When you’re a little kid, the smallest happenings can seem like these life-stopping newsworthy events and you sit there with your mouth agape and your eyes so wide and grip the edge of your seat, waiting with bated breath to see what will happen.
Everything is a big deal when you’re a kid.
I was probably around four or five when my Pappap came home from work with the mail. It was a summer afternoon, so I was on the back patio, probably with either my grandma or my aunt Sharon. My Pappap rifled through the mail and noticed that his youngest daughter Susie had a letter.
He called up to her on the sunroof, and she shouted for him to try and toss it up. I remember sitting on a lawn chair, their lawn chairs had these taut vinyl slats in varying shades of green and white but sometimes the skin on my thighs would graze the scalding metal of the frame in between the slats and I would get tiny welts. I’m sitting on this lawn chair, playing chicken with the fiery metal, and thinking, just knowing, that this wasn’t going to pan out the way Susie would have liked.
I watched as my Pappap tried to toss the letter against the wind, hoping to get enough momentum that it would skim the top of the ledge, but instead it fell back and skidded straight into the gutter.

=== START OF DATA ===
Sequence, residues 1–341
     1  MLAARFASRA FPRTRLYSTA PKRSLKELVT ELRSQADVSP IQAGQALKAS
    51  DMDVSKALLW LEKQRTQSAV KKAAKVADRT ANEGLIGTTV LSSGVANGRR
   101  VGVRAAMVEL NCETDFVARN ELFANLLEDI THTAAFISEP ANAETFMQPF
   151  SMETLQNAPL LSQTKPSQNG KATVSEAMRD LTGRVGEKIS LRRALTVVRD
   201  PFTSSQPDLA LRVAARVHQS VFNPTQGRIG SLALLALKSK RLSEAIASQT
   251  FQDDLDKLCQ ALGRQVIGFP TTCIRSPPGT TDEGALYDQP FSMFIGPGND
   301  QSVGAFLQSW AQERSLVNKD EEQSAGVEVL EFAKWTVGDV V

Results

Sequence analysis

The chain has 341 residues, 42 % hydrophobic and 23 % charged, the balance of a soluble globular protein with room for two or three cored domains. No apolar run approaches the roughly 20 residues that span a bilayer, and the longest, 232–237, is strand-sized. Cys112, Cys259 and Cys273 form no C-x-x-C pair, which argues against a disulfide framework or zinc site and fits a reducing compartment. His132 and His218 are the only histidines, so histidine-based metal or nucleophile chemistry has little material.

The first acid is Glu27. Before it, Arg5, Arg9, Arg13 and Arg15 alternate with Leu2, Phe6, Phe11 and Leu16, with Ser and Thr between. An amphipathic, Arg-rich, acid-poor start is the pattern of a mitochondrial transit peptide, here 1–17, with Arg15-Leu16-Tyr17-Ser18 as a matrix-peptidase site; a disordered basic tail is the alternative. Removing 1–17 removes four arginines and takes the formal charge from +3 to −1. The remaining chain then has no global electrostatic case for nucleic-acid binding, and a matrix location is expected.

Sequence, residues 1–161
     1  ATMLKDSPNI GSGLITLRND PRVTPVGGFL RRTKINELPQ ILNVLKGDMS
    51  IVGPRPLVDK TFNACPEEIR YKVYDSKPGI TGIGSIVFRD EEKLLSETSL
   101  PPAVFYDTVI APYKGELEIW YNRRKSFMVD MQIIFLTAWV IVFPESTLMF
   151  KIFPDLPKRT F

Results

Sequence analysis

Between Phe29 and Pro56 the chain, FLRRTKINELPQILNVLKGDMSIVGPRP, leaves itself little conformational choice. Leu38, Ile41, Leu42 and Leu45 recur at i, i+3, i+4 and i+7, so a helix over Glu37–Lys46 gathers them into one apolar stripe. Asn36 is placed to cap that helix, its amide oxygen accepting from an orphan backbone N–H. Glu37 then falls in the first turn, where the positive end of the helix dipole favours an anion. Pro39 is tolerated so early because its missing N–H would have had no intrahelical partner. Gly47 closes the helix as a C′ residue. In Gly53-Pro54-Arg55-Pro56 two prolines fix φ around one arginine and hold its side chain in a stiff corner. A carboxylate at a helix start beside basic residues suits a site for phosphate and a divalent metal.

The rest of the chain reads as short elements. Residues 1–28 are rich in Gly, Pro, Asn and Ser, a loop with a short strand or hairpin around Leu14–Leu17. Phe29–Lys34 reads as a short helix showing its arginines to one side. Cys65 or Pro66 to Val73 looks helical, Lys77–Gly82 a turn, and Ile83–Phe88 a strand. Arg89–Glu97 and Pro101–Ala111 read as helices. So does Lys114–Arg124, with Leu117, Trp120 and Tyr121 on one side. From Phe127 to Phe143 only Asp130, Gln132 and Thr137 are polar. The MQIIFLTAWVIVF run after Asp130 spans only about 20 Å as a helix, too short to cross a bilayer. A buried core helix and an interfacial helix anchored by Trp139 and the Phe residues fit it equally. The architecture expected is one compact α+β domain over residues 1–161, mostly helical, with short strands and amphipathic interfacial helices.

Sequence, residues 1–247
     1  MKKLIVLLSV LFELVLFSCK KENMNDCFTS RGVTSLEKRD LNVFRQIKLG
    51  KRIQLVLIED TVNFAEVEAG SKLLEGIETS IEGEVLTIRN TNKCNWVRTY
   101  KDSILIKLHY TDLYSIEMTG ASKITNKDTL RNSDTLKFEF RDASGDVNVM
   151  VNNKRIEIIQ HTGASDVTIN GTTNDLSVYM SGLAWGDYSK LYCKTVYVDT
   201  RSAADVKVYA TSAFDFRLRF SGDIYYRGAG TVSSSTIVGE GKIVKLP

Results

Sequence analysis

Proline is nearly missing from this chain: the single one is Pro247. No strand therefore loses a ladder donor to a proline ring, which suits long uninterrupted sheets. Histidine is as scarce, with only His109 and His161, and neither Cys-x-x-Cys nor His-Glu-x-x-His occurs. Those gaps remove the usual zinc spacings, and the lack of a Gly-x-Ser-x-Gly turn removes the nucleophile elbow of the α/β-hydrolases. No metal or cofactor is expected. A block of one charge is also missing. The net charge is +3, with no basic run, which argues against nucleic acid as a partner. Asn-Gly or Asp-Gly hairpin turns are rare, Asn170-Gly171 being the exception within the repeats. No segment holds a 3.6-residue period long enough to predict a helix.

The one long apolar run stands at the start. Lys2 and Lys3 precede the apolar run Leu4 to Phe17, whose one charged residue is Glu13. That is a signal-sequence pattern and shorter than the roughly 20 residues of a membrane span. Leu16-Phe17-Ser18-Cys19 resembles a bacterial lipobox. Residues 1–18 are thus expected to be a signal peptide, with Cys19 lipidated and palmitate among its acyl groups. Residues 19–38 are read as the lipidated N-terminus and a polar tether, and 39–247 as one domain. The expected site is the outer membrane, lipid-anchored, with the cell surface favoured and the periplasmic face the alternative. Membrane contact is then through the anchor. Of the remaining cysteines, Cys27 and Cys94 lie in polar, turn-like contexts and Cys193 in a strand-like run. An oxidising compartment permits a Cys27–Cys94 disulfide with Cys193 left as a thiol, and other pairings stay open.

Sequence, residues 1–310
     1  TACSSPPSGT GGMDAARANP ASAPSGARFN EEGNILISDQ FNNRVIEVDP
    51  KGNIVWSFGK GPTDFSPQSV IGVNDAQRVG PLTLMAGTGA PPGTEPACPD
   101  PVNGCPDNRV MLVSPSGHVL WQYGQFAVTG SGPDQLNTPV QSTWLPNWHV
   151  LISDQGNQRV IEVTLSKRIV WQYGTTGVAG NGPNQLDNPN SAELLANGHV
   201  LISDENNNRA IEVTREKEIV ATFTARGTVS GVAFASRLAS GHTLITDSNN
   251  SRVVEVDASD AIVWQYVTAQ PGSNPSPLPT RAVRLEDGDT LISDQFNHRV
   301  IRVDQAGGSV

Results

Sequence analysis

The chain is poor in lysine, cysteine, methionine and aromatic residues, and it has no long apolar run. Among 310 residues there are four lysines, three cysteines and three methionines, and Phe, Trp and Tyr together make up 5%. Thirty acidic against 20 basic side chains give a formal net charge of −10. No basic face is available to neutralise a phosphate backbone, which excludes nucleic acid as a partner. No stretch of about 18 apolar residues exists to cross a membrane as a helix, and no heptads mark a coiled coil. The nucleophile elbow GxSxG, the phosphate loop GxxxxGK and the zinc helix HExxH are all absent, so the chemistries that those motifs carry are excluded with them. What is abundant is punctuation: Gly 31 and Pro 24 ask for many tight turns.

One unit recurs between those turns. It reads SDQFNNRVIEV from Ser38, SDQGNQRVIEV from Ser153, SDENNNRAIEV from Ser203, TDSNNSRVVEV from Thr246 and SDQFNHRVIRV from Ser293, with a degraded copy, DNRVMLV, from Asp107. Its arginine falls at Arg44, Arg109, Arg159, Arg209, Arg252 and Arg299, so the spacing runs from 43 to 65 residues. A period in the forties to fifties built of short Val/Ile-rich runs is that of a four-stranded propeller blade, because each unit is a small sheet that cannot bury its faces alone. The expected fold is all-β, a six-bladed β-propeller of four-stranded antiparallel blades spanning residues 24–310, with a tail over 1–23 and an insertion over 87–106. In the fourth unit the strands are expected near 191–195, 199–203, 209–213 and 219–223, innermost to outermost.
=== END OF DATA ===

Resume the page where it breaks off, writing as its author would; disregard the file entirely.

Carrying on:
My Pappap had to throw himself into full MacGyver throttle in order to rescue her precious letter, subscription notice, credit card bill. Who knows what it was. But even after he mounted a patio table and used the aid of scissors to guide the envelope from the dastardly clutches of the gutter, Susie still had to exert a modicum of energy to lean down and grab it.
And I’m watching this, from the green and white vinyl slats of the lawn chair, thinking that I’m a part of something big, something huge, a memory that we’ll all share together and laugh about at holidays. And everyone else went about their day, because things like this, they’re not enough to fill an adult with giddiness. They’re glitches in regularly scheduled programs, they’re "oopsies" moments that evoke a few chuckles but then get lost in the back of the mind while bills are being paid and the news is being watched, until the memory is eventually eradicated altogether. But not kids. Kids retain these things and latch on to them and call upon these tiny moments when they need something to smile about. Kids revel in it and wish everyone had seen it and kids inflate it into something so much bigger, larger than life. It becomes real life Saturday morning cartoons.
I don’t remember what the damn letter ended up being, or who it was that shared enough of my sentiments to treat this as the Kodak moment it truly was, and I don’t think we ever reminisced and hyucked about it over turkey legs and sweet potato pie, but I know that every time I see this picture, I laugh and remember being so small and watching something so big.